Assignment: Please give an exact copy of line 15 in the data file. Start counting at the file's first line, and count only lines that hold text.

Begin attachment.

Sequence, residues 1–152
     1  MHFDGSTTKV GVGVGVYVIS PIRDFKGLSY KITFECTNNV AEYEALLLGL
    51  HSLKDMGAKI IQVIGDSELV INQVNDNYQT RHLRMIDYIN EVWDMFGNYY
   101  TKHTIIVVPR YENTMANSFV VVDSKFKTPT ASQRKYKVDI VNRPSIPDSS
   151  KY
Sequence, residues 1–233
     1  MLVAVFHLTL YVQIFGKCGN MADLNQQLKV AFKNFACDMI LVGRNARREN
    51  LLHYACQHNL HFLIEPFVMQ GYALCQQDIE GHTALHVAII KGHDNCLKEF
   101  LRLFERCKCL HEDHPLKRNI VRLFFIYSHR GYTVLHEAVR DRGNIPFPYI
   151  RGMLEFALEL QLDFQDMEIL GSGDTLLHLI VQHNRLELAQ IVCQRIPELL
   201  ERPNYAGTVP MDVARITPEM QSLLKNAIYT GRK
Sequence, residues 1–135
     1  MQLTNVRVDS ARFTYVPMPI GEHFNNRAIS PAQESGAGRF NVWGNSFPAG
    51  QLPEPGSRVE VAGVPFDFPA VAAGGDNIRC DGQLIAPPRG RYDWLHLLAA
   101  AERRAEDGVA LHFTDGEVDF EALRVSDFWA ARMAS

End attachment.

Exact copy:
   101  AERRAEDGVA LHFTDGEVDF EALRVSDFWA ARMAS